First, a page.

produces pencils, pens and markers.
Several other businesses operate under Siyeh Development, Inc.

Major uses of the land are ranching and farming.

The principle crops are wheat, barley and hay.
See local Blackfeet historic sights, such as buffalo jumps, tipi rings, pow wows and the Museum of the Plains Indian, or enjoy horseback riding, fishing and Rocky Mountain hiking in Glacier National Park. Spend the evening hours around the campfire learning about Blackfeet culture, listening to stories, drumming and singing. Meet our little herd of Spanish Mustang horses (original Indian horses) and enjoy walking and relaxing on the prairie, in glacially formed foothills and in the Rocky Mountains where the Blackfeet people have roamed and lived for many centuries.

Our lodge, tipis, and gallery are located on two hundred acres of pristine prairie with a spring fed lake 2.5 miles west of Browning, Montana on Hwy 89 and just a few short miles east of Glacier National Park. Great Falls and Kalispell, Montana are nearest airports. The closest international airport to us is Calgary, Alberta, Canada.
Native American Tribute

Polson Montana Golf

Northwest Montana Golf
Polson Country Club

Golf Course: Facility Use
Polson Country Club
Tee times for the 18-hole course at the Country Club may be reserved up to two days in advance. The 9-hole course operates on a first come, first serve basis. Groups of 11 or more players may reserve tee times further in advance and are subject to an advance deposit. Use of the restaurant banquet facilities may be reserved with the food and beverage manager at 883-0259. A cleaning deposit will apply. User fees apply for all Country Club facility uses.

Golf Course: General Rules
Polson Country Club
Polson Country Club is open to the public daily during daylight hours, weather permitting. All players must register at the golf shop prior to beginning play. Non-golfing children under the age of 12 must remain in a motorized golf cart for safety and liability reasons. A valid driver’s license is required to operate a motorized golf cart. Selling of goods and services by non-contracted individuals is prohibited. Bicycles, skateboard, roller-skating, jogging, non-golf related walking, metal spikes, person alcohol, strollers and pets (except those assisting special needs individuals) are also prohibited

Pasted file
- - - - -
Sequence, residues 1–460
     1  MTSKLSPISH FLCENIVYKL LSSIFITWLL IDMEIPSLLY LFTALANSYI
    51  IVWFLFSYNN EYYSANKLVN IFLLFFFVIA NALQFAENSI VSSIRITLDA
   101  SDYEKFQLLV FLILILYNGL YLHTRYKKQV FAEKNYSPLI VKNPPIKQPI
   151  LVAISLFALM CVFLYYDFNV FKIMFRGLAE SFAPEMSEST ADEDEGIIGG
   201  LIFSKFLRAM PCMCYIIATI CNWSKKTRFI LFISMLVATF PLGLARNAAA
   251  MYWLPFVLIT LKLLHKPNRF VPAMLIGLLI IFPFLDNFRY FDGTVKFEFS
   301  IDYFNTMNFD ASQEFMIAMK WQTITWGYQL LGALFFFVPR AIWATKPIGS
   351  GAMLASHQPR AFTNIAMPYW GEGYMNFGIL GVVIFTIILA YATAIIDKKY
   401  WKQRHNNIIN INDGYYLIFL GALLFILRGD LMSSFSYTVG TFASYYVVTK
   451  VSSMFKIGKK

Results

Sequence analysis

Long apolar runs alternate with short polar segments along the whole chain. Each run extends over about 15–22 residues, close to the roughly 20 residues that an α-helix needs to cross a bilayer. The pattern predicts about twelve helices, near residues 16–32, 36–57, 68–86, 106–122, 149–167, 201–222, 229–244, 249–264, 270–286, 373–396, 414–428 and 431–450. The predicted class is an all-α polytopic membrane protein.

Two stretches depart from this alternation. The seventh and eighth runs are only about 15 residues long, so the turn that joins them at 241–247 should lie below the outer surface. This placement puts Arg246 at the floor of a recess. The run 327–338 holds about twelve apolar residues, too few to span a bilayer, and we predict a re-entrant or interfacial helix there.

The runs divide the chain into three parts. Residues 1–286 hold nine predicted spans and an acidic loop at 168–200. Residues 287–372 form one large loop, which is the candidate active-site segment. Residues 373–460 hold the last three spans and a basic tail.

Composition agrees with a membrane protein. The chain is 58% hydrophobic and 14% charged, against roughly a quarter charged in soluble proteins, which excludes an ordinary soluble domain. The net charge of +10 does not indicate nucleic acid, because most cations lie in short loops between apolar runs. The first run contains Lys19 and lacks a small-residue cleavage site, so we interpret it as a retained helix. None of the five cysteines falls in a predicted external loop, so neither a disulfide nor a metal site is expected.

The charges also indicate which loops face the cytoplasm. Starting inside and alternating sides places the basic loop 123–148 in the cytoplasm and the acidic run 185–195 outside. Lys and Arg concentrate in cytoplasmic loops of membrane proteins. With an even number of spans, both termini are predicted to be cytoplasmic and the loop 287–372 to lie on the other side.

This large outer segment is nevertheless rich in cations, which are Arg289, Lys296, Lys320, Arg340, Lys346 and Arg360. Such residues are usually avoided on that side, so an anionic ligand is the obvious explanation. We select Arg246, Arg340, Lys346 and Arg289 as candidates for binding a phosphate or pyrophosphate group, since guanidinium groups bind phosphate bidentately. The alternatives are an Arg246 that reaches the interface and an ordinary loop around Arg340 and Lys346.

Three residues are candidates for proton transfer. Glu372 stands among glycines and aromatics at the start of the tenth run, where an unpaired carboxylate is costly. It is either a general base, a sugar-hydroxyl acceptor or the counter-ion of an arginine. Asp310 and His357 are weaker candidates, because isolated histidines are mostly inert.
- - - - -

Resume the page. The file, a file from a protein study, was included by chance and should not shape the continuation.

Whitefish Montana Caviar
Mountain Lake Fisheries specializes in lake whitefish products. The clear unpolluted lakes of northwest Montana make possible the production of what experts consider to be the finest Golden Whitefish Caviar and Whitefish Fillets available in North America.

Of the several whitefish products we produce, the most unique is our Golden Whitefish Caviar. The distinctive rich apricot hue of our caviar is reminiscent of a Rocky Mountain sunrise. Because of its origin in pristine waters, its slightly crunchy texture, and its mild non-fishy, non-bitter flavor, many experts agree that the quality of our caviar is truly superb. Because of their favorable impressions, our caviar enjoys the enviable distinction of being served on numerous occasions at the James Beard Foundation in New York City, the most prestigious chef's organization in this country.